Full report: The full report, ‘All At Sea: How government inaction makes a mockery of UK marine protection’, can be read and downloaded here until the report is published online. The full report will be published online at https://www.greenpeace.org.uk/resources/all-at-sea-report/

  • Greenpeace UK’s 30×30 roadmap: The full Greenpeace roadmap to 30×30 can be viewed on page 22 of the report.

Photos: Accompanying photos for publication can be downloaded here


Research: Methodology and sources

  • 92% of the UK’s so-called Marine Protected Areas have no site-wide regulation to protect them from the most destructive fishing (all towed gear). Just 8% of MPAs are fully closed to the most harmful types of fishing – an area the size of less than 0.1% of the EEZ. Source: page 2 of report. For methodology, see Appendix 2, ‘MPA protection from fisheries’ on page 30 of the report. 
  • In 2021 alone, vessels with bottom towed gear spent an estimated 47,833 hours fishing in UK offshore MPAs. Source: See Appendix 7 on page 33 of the report. 
  • 32% of the UK’s MPAs have no restrictions on fishing in the majority of their site area and are therefore substantially open to all kinds of destructive fishing 365 days a year. Source: see appendix 4 on page 32 of the report. 
  • The UK’s network of  Marine Protected Areas covers 38% of domestic waters, according to the JNCC. Source
  • The total number of MPAs analysed and the total area they cover differs from headline JNCC figures. Our analysis is based on raw data sourced from the JNCC MPA mapper and Data Hub for all European marine sites and English MPAs, DAERA for the Northern Irish MCZs, lle.gov.wales for the Welsh MCZs and NatureScot for all Scottish MPAs. The number of MPAs in this analysis corresponds with the online JNCC MPA Mapper, but does not correspond with the headline JNCC Marine Protected Area Network Statistics (386 MPAs covering 317,220 km2 vs 374 MPAs covering 338,545 km2). This is because in some instances MPAs which are split into different zones are considered in our analysis as separate while the JNCC groups them together, for example Medway Estuary MCZ, and the JNCC statistics summary includes the UK continental shelf in addition to the UK EEZ.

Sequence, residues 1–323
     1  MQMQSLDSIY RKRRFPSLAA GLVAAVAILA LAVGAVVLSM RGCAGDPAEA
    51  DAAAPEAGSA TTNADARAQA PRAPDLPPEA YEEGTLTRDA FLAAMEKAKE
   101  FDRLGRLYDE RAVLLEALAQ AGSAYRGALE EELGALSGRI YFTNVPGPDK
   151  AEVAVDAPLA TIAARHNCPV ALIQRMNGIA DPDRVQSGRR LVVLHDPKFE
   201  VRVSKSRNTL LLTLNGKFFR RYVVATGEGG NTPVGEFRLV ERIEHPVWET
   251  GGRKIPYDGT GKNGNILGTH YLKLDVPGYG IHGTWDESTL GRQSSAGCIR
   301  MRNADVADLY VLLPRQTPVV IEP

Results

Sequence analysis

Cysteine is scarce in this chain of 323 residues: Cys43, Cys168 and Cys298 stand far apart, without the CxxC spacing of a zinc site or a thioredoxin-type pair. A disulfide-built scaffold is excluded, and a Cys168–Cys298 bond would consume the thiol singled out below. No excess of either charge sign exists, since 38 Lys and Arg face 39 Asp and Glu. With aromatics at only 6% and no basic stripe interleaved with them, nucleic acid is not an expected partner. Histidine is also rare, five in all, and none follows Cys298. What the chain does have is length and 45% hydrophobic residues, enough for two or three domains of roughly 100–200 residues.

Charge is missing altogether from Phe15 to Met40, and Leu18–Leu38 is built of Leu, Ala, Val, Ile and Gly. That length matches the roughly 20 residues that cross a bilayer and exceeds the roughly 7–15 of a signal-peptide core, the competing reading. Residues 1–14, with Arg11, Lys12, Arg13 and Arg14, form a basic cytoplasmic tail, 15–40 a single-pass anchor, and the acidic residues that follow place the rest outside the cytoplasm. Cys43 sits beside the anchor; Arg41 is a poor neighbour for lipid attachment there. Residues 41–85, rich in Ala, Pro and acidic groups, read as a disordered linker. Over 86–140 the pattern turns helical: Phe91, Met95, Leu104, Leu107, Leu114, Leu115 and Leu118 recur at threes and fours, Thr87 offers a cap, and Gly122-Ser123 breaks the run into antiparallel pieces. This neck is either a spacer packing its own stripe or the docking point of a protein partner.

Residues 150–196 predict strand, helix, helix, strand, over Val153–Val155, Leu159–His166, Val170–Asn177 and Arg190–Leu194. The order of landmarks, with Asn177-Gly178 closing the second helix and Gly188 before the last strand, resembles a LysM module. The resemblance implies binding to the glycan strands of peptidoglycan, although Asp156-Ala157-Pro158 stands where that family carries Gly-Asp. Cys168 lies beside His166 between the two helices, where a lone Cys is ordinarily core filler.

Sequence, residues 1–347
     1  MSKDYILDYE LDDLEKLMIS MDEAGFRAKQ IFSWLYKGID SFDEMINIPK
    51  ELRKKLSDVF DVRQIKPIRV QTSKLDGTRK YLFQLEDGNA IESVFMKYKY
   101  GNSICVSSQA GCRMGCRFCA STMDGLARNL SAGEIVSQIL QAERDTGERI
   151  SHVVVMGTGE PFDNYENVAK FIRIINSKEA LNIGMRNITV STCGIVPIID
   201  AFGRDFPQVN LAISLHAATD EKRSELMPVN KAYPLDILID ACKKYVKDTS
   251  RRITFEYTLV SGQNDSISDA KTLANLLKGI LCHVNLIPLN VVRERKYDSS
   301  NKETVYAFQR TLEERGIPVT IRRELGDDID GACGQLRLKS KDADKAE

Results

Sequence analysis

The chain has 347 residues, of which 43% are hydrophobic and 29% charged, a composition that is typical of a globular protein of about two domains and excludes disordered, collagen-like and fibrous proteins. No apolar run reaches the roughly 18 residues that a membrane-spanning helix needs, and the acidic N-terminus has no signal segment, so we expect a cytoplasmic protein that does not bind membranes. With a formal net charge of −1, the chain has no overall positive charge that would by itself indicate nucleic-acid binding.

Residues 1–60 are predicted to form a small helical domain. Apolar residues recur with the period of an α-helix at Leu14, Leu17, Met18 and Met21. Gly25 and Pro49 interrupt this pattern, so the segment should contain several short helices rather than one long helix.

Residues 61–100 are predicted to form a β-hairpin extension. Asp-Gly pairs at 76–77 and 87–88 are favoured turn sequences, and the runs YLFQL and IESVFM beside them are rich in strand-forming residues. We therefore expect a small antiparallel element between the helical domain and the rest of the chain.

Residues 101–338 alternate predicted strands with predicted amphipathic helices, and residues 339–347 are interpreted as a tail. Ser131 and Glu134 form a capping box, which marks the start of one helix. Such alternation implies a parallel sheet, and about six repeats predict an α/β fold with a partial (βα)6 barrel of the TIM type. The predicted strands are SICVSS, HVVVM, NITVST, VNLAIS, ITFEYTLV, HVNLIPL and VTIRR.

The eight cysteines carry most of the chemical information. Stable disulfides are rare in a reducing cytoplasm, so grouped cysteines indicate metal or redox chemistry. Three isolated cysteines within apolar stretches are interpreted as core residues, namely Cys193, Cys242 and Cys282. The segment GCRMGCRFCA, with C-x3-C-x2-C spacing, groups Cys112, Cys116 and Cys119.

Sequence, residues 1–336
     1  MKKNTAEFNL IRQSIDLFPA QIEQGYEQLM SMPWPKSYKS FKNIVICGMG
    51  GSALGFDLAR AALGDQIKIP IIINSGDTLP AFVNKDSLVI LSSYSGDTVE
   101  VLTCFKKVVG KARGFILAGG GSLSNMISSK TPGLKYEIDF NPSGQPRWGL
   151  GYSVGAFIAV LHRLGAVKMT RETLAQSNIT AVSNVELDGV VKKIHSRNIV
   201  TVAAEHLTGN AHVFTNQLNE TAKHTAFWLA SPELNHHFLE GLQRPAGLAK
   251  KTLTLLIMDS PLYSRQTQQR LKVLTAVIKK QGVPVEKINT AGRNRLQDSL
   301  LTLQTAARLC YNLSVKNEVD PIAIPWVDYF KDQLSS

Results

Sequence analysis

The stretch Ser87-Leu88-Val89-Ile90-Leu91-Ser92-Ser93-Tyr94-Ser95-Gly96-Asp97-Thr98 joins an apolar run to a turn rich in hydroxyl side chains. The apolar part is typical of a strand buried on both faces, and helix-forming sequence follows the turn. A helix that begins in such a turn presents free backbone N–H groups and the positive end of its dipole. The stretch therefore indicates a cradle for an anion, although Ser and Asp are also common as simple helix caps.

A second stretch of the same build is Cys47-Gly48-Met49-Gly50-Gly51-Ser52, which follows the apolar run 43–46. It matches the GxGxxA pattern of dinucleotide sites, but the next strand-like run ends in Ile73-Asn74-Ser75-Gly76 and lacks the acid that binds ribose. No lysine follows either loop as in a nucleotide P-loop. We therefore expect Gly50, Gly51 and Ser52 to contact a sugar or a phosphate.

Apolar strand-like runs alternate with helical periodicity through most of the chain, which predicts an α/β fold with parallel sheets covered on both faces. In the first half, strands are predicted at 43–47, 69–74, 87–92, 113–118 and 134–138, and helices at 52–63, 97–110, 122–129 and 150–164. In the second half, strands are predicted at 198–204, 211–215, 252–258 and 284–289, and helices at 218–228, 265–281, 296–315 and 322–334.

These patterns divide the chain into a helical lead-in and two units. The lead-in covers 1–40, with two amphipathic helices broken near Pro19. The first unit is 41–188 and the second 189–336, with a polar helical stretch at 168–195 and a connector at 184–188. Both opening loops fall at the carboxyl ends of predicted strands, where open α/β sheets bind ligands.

Definitions: destructive fishing

  • ‘Destructive fishing’ refers to all towed gear, i.e. both pelagic and bottom towed. 
  • There are two main categories of fishing gear types, mobile (or active) and static (inactive). Mobile gears are actively towed along the seabed or through the water column, while static gears remain relatively stationary and are not actively moved. We consider mobile gears to be the most harmful category, since static methods have a lower impact on the marine environment. Bans on the most impactful gear types should be initially prioritised while working towards a network of fully or highly protected MPAs by 2030. Bloom, ‘Impacts of fishing’, September 2010. https://www.bloomassociation.org/en/impacts-de-la-peche/